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Preview: Comments on: Is Commenting On Blogs Part of Your Marketing Plan? Are Your Doing It Wrong?

Comments on: Is Commenting On Blogs Part of Your Marketing Plan? Are Your Doing It Wrong?



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By: coupon food

Sat, 13 Sep 2008 20:49:33 +0000

Well, yesterday morning I logged into my wordpress admin dashboard and saw that I, too, had been attacked by a spam ping- bot. The website: a fake hair cair blog. Wait: a hair care blog!? Yes, they linked to my Recommended Listening post of last week. What does hair care have to do with classical music? Well, the title of the song I was reccommending in the post was The Girl with the Flaxen Hair. That might explain that bit.



By: Des Walsh

Wed, 03 Oct 2007 07:40:55 +0000

From a number of 'comments' which include words from a blog post title but prove on closer examination to be nonsense, I'm guessing there is some kind of robot being used to generate spam. There are recurring phrases in these weird items. On linking back, given that we have the opportunity on most or all comment forms I've seen to provide a site hyperlink to our name, the times when we use a link in the body of the comment should be rare - as Andy says, when there is a long article worth referring to or a link to someone else's content. What puts my teeth on edge (apart from the links to non-blog sites) is the game of gratuitously adding a link to the commenter's site at the end of the comment. I have taken to using WP's facility for editing comments, so as to block that little caper but leave the comment otherwise intact.



By: JM

Sun, 30 Sep 2007 19:18:39 +0000

I have to say that commenting is an a yes/no attempt to market my own blog. It's a yes in the fact that my blog link is on more sites but no in the fact that I rarely directly link it in the content of the comment. If I link within the content, it's because I believe my post is relevant to the main topic in either a supportive or contrasting way.






By: Ted Slater

Fri, 28 Sep 2007 21:34:41 +0000

Actually, not on Boundless, but on our blog, Boundless Line. :-)



By: Ted Slater

Fri, 28 Sep 2007 21:32:32 +0000

Great points, Jim. I've seen the same kind of comment spam on BOUNDLESS.ORG ;-)



By: 25 Reasons You Get Thumbs Up | Andy Beard - Niche Marketing

Thu, 27 Sep 2007 11:53:06 +0000

[...] To build up content [...]



By: Salubri

Thu, 27 Sep 2007 08:55:31 +0000

I comment wherever I find content that interests me. I very rarely link from my comment... I figure if what I say is interesting and insightful enough people will want to read more and will follow the link to my blog (most comment forms have a place to enter your URI). Occasionally (if there's a specific post I have written that I think is appropriate) I will directly link to the post. As I blog mainly for my own amusement and not professionally I think this makes navigating to something topical easier for the reader of the original post I am commenting on. For professional blogs there should _always_ be some sort of semantic connection between the post you are commenting on and what you link to; if your corporate blog is mainly unrelated to the post - it might also be necessary to link to a specific post but really I would feel that's an uncommon situation. My rule of thumb when approving comments on my blog is to immediately discard any comments from people I don't recognise if the content is not relevant. After that I _may_ visit a link in the comment body if the comment grabbed my interest. If the target site is also interesting the comment is approved.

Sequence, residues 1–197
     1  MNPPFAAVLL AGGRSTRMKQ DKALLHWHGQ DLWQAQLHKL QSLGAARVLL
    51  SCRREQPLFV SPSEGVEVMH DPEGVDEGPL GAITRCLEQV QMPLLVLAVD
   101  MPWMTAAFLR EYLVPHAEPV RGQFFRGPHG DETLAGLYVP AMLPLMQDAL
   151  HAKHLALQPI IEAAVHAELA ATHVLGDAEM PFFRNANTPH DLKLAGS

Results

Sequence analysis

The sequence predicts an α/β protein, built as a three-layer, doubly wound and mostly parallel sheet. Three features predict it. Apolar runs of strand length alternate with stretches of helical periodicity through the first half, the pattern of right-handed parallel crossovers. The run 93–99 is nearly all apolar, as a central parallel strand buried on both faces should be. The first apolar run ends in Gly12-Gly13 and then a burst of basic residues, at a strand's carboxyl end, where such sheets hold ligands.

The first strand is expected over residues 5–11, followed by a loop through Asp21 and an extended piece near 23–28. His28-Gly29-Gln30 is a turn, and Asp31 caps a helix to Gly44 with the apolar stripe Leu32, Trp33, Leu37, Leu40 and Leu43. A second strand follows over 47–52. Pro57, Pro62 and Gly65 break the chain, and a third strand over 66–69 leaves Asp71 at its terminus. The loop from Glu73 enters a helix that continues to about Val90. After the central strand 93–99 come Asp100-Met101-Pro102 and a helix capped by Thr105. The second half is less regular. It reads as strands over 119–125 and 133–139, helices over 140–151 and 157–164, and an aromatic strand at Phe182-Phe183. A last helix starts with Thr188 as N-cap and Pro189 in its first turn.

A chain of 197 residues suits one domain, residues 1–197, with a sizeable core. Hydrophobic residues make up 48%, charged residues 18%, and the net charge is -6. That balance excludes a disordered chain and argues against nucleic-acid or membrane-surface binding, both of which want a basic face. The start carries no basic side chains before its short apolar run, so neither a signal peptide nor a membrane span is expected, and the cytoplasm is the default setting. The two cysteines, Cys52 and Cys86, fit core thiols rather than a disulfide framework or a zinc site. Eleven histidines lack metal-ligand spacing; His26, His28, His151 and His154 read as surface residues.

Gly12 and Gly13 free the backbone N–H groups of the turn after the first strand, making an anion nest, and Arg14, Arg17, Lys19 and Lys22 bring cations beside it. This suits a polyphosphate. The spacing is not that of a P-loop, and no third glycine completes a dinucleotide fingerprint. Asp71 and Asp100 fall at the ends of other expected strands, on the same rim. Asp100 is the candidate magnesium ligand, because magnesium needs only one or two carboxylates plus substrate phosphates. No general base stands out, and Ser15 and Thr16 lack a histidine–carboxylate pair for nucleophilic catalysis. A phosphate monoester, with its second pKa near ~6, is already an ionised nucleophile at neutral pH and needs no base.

By: Stephanie Booth

Wed, 26 Sep 2007 20:52:00 +0000

Commenting on blogs to promote one's own is delicate. It's one of the best ways to make yourself known as a blogger, but it's also one of the best ways to lose any credit you might have had if you go around doing it clumsily. I usually tell people the following: read other blogs, particularly blogs which have something to do with what you're writing about. If you read anything that you find thought-provoking and have something interesting to add, then leave a comment. But leave a comment because you have something to say/share, not "just to leave a comment". It's also really important to understand that leaving a comment will bring people to discover your site only if they think that what you said was smart, relevant, interesting. Leaving a vacuous or off-topic is worse than not commenting at all.



By: Andy Beard

Wed, 26 Sep 2007 19:15:17 +0000

I think the only time I ever drop a link in a comment is when I would be forced to copy a 3000 article to make a point, or I am linking to someone else's content. I get a fair amount of junk comments that it is obvious people are just commenting to get a link. They get zapped very fast.